Ju-On: The Curse is a Japanese film that is available with English subtitles. It is about a house and a little boy, who at first comes off as disturbed, perhaps sad, but is otherwise normal.  Then his face contorts and he meows like a cat in agony.  There is also this young, bluish-faced woman who pops out of cubbyholes. Then there’s this girl who is missing a lower-jaw – yikes!  These are the ghosts, and there are several more.  They are all connected, in some way, to this house that is at the center of the story.  Did I say story? Perhaps it’s better to say stories!   There are six tales, each named after an important character within each story.  The stories are all connected; some take place within the haunted house; which is a modern home in a suburb of Tokyo. The tales that take place elsewhere feature characters that have been inside the house. But just because they are outside the terrifying confines it does not mean they are safe. No siree Bob!   The terror follows them!

ju-on-jaw

Now, here’s the kicker! The stories are not shown in sequence. Story 1 might be take place after Story 4.  Perhaps Story 4 takes place after Story 2, or maybe Story 6 sets it all in motion, or is that story 5?  Some films succeed with this kind of non-linear storytelling. Pulp Fiction is one example of such a success. Ju-On is not.  The tone of this film is effectively eerie, but I was forced to come down from my “creepy high” in order to figure out what is what, only to fail at this pursuit of understanding.  Hence, I was forced to go elsewhere to learn the modus operandi of the story.

According to wikipedia:

The title of the films translates roughly to “Curse Grudge”, which means putting up a curse while bearing a grudge against someone or something. The first two films in the series were so-called V-Cinema, or direct-to-video releases, but became surprise hits as the result of favorable word of mouth. Both films were shot in nine days and feature a story that is a variation on the classic haunted house theme, as well as a popular Japanese horror trope, the “vengeful ghost” (onryō). The titular curse, ju-on, is one which takes on a life of its own and seeks new victims. Anyone who encounters a ghost killed by the curse is killed themselves and the curse is able to be spread to other areas.”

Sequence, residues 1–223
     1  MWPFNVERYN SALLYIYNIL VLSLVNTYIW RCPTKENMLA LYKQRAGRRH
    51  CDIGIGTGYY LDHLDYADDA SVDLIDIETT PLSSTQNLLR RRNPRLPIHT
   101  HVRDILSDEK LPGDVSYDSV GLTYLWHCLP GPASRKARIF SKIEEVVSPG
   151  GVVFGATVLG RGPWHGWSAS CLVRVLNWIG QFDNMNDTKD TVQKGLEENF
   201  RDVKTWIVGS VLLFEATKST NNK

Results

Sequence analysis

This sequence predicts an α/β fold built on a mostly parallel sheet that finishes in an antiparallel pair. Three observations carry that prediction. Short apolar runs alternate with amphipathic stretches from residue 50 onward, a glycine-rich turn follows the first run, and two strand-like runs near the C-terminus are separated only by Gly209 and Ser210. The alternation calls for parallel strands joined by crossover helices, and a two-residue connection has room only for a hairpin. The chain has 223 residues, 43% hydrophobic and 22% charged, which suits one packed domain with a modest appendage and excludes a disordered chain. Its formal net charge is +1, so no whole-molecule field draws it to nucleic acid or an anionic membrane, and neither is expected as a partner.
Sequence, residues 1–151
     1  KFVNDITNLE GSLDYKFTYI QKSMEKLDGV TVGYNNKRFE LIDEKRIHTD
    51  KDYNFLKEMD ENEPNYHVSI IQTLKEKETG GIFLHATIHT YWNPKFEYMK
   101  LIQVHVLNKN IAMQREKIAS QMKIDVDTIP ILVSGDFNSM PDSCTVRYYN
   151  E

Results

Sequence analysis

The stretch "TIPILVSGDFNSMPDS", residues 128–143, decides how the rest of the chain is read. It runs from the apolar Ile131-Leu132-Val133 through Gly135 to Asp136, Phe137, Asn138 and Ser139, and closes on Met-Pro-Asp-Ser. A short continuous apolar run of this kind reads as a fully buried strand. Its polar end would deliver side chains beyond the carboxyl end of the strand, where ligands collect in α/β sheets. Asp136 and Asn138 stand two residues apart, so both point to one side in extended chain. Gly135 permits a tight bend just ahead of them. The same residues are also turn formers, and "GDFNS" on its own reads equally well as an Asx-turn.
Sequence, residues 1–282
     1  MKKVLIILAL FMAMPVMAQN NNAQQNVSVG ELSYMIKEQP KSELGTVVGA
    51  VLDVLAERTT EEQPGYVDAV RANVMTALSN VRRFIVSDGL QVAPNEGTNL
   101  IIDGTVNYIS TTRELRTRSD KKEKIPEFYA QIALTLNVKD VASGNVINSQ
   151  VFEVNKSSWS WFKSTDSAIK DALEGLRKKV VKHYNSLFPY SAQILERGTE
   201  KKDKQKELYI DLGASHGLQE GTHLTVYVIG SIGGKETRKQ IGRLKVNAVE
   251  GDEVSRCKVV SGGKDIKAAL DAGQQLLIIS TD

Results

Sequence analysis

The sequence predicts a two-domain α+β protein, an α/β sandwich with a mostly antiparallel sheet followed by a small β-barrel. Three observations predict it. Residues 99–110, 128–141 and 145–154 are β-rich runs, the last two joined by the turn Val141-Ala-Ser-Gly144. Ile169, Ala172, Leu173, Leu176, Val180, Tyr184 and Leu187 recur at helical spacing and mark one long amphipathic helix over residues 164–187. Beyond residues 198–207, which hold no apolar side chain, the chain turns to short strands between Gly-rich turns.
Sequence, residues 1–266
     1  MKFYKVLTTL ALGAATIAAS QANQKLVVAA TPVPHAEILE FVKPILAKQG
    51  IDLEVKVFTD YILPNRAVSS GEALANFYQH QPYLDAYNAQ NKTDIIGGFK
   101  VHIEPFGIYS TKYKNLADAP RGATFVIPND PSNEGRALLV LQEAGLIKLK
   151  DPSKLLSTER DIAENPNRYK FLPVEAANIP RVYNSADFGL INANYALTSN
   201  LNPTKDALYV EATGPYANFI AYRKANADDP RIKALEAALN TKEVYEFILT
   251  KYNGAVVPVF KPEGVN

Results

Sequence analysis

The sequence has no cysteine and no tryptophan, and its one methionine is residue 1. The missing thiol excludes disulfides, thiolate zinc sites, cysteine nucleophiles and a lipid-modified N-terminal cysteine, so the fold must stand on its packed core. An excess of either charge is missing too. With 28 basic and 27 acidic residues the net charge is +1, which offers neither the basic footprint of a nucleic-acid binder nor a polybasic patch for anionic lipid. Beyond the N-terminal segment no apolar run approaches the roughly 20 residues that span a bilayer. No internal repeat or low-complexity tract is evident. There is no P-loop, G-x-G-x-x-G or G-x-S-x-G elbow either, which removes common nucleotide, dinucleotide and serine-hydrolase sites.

Some of my confusion is no fault of the film and can be attributed to my ignorance of Japanese language and culture. Perhaps I would feel more at home with the film had I known the definition of “Ju-On;” or if I had the concept of the onryō engrained in my cultural psyche.  But how does this “curse” play out?  The film understates this, if it states it at all.

From the same wikipedia page:

According to Ju-On, when a person dies with a deep and powerful rage, a curse is born. The curse gathers in the place where that person has died or where they were frequently at, and repeats itself there.

Yeah, I didn’t get this. Without the above description, I would be at a loss to the whys and wherefores.  Basically, a family is brutally murdered inside their home (the house that is central to the story) and the ghosts of the victims come back and kill others that enter the home. Or, the ghosts will follow people that have entered the home and kill them elsewhere. The curse spreads and lives on.

ju-on-blue-ghost-girl

I am always appreciating fresh approaches to haunted house tales. And fresh this is! A tragedy within the walls creates a curse that spreads to those that enter the house. It attaches itself to them, so that they just might happen to take a couple of ghosts home with them.  I like it! It fits in nicely with the “Houses that exist as entities” theme that I have come to love

But for me, this series would be so much more effective it the film makers would just stick to good old fashion linear storytelling. I would be able to trace the deadly path of the curse had stories been shown from beginning to end.  The ghosts in this film, they are so darn creepy! Their faces are horrific, their movements uncanny. And the sounds they make when moving along? Unnerving, but in a “gotta love it, it’s horror” kind of way! Alas, the out-of-sequence storytelling is a trademark of the series. Fine! I will bear with it. I just wish this series didn’t have to make me work so much in order to appreciate it!